Monday, March 11, 2013

Kurds eager to end dependence on Iraq

A Kurdish flag flies at the Citadel fortress in the old center of Irbil, the capital of Iraq's autonomous Kurdish region.
A Kurdish flag flies at the Citadel fortress in the old center of Irbil, the capital of Iraq's autonomous Kurdish region.
IRBIL, IRAQ — At an elite private school in Iraq’s autonomous Kurdish region, children learn Turkish and English before Arabic. Kurdish university students dream of landing jobs in Europe, not Baghdad. And a local entrepreneur says he doesn’t like doing business beyond the self-rule zone because the area outside Kurdish control is still too unstable.

In the decade since U.S.-led forces toppled Iraqi dictator Saddam Hussein, Kurds have trained their sights toward Turkey and the West, at the expense of ties with the still largely dysfunctional rest of the country.

Aided by an oil-fueled economic boom, Kurds have consolidated their autonomy, increased their leverage against the central government in Baghdad, and are pursuing an independent foreign policy often at odds with that of Iraq.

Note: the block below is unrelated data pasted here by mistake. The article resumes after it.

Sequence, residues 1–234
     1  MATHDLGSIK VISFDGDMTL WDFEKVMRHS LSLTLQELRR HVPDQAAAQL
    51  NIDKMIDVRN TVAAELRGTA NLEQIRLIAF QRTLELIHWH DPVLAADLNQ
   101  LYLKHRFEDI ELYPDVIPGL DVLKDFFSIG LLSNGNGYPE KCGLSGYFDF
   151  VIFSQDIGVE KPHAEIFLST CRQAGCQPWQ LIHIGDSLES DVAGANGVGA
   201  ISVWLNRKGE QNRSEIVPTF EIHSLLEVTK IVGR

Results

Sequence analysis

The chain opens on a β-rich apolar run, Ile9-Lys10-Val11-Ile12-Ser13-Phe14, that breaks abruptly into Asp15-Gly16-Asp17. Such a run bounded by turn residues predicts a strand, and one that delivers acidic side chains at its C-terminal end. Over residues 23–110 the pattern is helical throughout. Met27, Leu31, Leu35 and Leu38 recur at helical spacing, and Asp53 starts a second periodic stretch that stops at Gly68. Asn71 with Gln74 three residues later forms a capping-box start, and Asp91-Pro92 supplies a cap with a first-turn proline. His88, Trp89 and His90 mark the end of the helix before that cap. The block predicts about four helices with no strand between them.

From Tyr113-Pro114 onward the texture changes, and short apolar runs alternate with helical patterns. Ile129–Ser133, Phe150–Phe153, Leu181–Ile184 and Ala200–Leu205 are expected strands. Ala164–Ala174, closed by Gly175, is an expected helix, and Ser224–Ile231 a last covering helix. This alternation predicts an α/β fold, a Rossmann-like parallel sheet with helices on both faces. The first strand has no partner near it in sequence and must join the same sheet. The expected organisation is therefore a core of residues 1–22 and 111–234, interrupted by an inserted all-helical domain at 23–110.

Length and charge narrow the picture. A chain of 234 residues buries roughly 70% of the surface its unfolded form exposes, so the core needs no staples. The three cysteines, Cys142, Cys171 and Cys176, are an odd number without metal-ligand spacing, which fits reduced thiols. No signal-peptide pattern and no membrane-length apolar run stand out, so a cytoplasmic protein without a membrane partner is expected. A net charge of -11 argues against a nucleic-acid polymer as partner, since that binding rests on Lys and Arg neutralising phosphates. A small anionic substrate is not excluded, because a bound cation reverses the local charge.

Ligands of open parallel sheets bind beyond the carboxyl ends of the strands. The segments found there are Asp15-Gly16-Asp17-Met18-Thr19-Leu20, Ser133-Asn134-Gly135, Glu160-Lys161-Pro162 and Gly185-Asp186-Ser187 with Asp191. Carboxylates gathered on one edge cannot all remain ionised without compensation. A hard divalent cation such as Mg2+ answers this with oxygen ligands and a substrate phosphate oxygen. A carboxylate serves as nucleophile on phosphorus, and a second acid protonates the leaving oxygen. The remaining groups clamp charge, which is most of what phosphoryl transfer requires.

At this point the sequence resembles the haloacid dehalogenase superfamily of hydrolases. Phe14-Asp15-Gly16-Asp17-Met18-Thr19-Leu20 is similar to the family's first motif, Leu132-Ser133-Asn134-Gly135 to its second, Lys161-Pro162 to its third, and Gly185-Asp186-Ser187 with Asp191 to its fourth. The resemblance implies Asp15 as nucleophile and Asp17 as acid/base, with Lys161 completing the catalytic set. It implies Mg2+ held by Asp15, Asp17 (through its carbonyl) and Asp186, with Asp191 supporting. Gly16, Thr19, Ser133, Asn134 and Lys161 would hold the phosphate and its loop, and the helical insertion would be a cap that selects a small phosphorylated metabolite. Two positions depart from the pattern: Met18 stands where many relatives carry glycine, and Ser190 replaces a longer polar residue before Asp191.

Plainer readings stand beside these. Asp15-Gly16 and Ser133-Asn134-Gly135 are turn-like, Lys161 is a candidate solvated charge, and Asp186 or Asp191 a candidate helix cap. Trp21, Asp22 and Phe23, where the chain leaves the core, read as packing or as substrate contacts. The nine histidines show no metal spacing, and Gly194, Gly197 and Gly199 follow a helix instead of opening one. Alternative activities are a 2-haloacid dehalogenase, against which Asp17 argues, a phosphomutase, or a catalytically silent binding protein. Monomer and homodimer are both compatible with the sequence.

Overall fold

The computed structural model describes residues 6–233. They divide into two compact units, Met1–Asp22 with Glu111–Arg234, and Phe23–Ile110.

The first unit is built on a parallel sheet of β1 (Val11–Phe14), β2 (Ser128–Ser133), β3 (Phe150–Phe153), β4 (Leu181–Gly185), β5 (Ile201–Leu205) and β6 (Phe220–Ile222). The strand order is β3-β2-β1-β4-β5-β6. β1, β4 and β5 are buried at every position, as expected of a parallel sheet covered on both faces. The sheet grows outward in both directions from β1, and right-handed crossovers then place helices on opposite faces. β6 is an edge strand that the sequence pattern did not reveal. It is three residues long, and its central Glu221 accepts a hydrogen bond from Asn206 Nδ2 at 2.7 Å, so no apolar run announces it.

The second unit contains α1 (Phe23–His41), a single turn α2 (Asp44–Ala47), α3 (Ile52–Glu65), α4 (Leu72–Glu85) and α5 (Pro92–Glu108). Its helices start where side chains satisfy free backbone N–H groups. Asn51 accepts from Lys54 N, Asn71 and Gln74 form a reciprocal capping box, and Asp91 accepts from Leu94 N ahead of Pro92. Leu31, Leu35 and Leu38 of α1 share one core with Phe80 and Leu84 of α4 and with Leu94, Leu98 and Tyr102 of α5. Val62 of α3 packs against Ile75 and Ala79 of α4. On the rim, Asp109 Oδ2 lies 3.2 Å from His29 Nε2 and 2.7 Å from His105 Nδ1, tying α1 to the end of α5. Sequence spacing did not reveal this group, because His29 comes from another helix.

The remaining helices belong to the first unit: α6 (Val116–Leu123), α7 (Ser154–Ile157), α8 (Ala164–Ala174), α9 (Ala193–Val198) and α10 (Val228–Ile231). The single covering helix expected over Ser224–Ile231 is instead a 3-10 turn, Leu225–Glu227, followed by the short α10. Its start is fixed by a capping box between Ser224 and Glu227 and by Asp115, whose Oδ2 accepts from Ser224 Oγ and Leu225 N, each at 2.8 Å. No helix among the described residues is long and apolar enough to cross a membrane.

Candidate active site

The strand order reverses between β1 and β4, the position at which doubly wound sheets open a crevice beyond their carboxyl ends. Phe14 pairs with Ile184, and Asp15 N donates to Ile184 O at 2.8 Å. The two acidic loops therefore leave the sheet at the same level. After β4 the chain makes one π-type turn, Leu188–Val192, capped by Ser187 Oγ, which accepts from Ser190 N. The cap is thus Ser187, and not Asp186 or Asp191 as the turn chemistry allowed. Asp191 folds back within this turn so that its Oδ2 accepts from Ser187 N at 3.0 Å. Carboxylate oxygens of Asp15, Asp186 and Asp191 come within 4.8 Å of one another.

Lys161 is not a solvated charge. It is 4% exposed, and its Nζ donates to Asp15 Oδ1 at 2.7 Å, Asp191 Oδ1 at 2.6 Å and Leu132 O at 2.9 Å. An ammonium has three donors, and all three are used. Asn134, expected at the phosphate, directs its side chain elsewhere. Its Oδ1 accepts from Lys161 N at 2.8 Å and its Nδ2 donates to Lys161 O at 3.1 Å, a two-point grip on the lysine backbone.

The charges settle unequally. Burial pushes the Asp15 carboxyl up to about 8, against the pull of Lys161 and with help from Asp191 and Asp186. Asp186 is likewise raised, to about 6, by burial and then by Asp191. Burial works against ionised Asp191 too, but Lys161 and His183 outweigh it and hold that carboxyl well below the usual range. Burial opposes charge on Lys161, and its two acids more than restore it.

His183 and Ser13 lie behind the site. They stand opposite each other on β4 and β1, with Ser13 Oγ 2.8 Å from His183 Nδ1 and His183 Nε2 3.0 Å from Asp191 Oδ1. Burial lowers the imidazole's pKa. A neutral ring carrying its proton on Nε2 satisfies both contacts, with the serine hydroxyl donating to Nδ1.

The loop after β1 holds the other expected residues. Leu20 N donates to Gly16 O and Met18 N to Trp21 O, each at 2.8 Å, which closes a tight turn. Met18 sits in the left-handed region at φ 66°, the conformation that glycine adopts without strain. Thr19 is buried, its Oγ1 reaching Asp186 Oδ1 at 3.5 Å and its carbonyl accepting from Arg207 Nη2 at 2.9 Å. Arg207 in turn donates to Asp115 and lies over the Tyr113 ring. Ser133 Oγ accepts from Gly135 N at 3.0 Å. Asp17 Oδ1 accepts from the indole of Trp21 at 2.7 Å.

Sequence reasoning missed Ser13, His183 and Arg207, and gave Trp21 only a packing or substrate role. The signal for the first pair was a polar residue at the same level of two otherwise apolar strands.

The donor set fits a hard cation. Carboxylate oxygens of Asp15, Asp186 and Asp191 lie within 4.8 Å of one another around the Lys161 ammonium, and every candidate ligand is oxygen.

Kurdish leaders say they want to remain part of Iraq for now, but that increasingly acrimonious disputes with Baghdad over oil and territory might just push them toward separation.

“This is not a holy marriage that has to remain together,” Falah Bakir, the top foreign policy official in the Kurdistan Regional Government, said of the Kurdish region’s link to Iraq.

A direct oil export pipeline to Turkey, which officials here say could be built by next year, would lay the economic base for independence. For now, the Kurds still can’t survive without Baghdad.

Their region is eligible for 17 percent of the national budget of more than $100 billion, overwhelmingly funded by oil exports controlled by the central government.

Since the war, the Kurds have mostly benefited from being part of Iraq.

At U.S. prodding, majority Shiites made major concessions in the 2005 constitution, recognizing Kurdish autonomy and allowing the Kurds to keep their own security force when other militias were dismantled.

Shiites also accepted a Kurd as president of predominantly Arab Iraq.

Iraq’s central government strongly opposes the Kurds’ quest for full-blown independence.

Iraqi leaders bristle at Kurdish efforts to forge an independent foreign policy, and the two sides disagree over control of disputed areas along their shared internal border.

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